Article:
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[Francis Makemie statue in Accomack—[public domain] Wikimedia]

We know that Francis Makemie came to the American colonies in 1682 or after—the year Laggan Presbytery in Ireland ordained him to evangelize in America. Where or when he landed, we do not know. Yet he would become a notable Presbyterian founder, preaching in Barbadoes, Virginia, Maryland, Pennsylvania, and New York.

Makemie was not solely a minister. To make ends meet, he engaged in trade. Virginia Court records show that he sued debtors from time to time. He married the daughter of a wealthy merchant and acquired extensive lands and some slaves. Meanwhile, his congregations increased greatly because he was an impressive preacher and the only ordained minister in two Virginia counties.

Indeed his foremost aim seems always to have been the spread of the gospel. He prepared a catechism, disputed with Quakers, defended dissenter churches (independents who acted outside the Church of England), and preached wherever he traveled. He was licensed to do so in both Barbadoes and Virginia. He organized several churches in Maryland and was closely associated with a congregation at Snow Hill before his marriage.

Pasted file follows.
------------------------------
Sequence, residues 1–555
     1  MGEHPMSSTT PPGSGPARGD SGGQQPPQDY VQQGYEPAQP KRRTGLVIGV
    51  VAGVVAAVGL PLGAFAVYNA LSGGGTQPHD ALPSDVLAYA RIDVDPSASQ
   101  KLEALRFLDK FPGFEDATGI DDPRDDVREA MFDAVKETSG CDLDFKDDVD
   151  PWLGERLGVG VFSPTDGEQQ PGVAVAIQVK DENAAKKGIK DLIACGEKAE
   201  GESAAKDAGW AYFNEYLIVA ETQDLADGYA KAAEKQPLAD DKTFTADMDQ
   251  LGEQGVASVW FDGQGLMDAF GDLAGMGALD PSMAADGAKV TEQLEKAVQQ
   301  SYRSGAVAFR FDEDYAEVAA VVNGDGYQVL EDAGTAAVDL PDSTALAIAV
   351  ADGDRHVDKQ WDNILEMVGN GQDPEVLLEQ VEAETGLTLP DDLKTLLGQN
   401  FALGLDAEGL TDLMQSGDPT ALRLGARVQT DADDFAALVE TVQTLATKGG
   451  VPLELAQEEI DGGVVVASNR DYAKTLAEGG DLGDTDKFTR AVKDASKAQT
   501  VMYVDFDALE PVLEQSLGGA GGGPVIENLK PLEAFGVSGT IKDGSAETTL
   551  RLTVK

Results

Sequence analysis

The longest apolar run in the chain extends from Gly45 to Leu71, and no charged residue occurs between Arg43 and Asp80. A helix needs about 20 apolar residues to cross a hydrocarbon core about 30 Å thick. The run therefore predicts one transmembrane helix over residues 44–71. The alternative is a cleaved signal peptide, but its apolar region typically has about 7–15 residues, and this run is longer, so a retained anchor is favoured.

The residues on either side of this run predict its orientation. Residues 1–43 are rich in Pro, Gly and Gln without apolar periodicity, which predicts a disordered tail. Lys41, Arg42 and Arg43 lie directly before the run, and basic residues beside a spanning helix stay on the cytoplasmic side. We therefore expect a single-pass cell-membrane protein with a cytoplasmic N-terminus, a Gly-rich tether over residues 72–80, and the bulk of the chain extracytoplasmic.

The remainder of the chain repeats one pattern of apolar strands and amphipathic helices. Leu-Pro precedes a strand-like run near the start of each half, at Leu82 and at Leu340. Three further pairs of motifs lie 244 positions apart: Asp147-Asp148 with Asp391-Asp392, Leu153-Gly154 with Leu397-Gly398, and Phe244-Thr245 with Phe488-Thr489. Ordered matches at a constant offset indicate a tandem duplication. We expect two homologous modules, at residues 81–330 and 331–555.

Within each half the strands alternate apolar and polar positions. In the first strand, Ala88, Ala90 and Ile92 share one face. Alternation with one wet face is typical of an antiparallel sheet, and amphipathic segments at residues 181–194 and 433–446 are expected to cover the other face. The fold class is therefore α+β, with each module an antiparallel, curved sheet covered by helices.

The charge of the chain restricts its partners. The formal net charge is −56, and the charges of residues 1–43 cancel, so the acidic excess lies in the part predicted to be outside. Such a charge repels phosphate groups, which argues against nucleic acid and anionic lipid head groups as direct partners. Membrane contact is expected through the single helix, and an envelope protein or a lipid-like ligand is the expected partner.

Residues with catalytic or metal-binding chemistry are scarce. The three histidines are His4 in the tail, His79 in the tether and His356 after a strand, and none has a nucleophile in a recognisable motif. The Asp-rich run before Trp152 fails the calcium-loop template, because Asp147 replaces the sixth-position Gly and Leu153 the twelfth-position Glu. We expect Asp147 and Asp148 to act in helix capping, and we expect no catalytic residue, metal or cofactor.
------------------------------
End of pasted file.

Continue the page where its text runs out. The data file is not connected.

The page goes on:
In 1704, he went to England to seek relief for Virginia’s religious dissenters who were suffering under the heavy hand of the Church of England. He wrote a book urging toleration.

Back in America, he joined with other Presbyterian leaders in organizing the first American Presbytery. It united churches in several colonies. That alone would have ensured him a lasting name in the history of the United States.

However, he is most frequently remembered because of his significance for religious liberty. Visiting New York, he preached without a license in the home of a William Jackson. Lord Cornbury arrested him. Months later, he was brought to trial. Cornbury argued that Parliament’s Act of Toleration did not extend to the “plantations” (that is, the English colonies). Makemi argued it did: otherwise Barbadoes, Maryland, and Virginia could not have issued him licenses under it. The jury found him not guilty, an event that is regarded as a landmark of American religious freedom. Thereafter other dissenters also would appeal to the Act of Toleration as granting them the privilege of preaching.

Despite the jury verdict, Cornbury would not release Makemie until he paid heavy court costs. Upon his release, Makemie immediately preached again, this time at a Huguenot church in New York City, then fled the state, eluding a fresh attempt by Cornbury to arrest him. He traveled to New England, From there he wrote a letter of protest to Cornbury and published the records of his arrest, petitions, incarceration, and trial.

Francis Makemie died on this day, 4 August 1708, shortly after he returned to Virginia. He had been the first “regular” Presbyterian minister in the American colonies, that is the first to hold Scottish Calvinist tenets, unlike the Puritans who were English Congregationalists.

Dan Graves

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